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In The Joy of Clojure (TJoC) destructuring is described as a mini-language within Clojure. It’s not essential to learn this mini-language; however, as the authors of TJoC point out, destructuring facilitates concise, elegant code.
One of the scariest things for those who are just now learning how to do some coding is the fact that they have to try to figure out what a seemingly impossible set of rules and structures means for the work that they are trying to do. It is not easy at all, and many people struggle with it in big ways.
Fortunately, there are some people who are going about the process of destructuring code so that it may be broken into smaller and more manageable chunks. If this is to happen, then one can easily see how they can potentially get a lot more value from the process of coding, and even how they can contribute to it for themselves in the future.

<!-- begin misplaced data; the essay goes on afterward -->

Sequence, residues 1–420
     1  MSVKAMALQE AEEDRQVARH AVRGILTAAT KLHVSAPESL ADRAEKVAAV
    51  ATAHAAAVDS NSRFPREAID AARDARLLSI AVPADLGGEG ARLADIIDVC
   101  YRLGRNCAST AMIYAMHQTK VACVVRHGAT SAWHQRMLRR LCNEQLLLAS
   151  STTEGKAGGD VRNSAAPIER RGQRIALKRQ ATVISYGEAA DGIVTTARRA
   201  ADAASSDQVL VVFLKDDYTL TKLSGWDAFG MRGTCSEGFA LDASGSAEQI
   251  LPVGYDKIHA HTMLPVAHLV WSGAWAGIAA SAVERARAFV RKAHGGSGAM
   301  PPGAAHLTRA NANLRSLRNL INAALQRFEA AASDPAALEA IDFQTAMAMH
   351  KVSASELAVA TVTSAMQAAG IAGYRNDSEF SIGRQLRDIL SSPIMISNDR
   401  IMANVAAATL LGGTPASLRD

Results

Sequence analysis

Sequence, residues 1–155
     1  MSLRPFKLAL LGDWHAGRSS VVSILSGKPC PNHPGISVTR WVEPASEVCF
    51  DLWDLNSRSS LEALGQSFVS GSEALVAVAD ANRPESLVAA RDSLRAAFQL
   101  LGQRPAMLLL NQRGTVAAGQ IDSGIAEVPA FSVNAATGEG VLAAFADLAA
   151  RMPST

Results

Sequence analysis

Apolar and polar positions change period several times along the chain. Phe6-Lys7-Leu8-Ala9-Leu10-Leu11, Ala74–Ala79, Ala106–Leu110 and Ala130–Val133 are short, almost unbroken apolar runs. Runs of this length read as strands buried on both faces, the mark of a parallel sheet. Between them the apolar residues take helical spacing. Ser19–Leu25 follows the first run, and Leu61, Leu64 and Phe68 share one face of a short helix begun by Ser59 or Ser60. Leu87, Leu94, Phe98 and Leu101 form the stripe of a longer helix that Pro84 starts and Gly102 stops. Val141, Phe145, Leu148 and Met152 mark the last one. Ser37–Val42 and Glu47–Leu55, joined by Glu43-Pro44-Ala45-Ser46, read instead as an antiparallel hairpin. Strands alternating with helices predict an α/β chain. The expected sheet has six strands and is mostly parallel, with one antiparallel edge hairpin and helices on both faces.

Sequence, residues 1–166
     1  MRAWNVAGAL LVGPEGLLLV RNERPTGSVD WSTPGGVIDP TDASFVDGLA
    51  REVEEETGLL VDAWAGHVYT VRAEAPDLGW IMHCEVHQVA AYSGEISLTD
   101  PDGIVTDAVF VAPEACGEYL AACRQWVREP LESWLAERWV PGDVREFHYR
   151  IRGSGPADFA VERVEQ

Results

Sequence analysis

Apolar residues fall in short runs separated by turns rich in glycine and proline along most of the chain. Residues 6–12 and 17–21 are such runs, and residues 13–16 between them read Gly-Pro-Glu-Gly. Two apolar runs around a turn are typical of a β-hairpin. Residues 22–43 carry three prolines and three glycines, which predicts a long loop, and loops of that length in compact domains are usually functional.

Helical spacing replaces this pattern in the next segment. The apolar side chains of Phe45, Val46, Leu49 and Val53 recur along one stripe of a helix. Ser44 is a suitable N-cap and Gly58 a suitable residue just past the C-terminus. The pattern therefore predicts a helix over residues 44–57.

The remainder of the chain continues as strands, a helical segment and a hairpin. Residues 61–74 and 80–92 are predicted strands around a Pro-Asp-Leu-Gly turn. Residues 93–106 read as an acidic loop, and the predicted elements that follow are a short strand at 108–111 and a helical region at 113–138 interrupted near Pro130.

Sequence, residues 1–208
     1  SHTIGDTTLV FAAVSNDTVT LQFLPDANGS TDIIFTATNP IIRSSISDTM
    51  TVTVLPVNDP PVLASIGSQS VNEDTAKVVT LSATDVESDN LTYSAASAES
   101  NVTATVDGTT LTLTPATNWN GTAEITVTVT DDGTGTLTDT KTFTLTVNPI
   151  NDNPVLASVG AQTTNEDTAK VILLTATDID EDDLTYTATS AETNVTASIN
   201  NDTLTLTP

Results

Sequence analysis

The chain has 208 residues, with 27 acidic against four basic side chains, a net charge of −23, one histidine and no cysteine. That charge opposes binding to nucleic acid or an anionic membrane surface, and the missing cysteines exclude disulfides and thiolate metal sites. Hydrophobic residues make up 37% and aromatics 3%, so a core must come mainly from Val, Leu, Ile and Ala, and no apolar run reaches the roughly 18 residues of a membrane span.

We need to be as encouraging of the next generation of coders as we possibly can because there is no question that they will ultimately have an outsized impact on how the future of coding is decided. If they are best set up to understand coding and to make sense of its many intricacies, then they will be able to handle it without problems. However, we need to support and encourage them along the way, and that all begins by making coding easier to understand in general.
The simplest example of destructuring is assigning the values of a vector.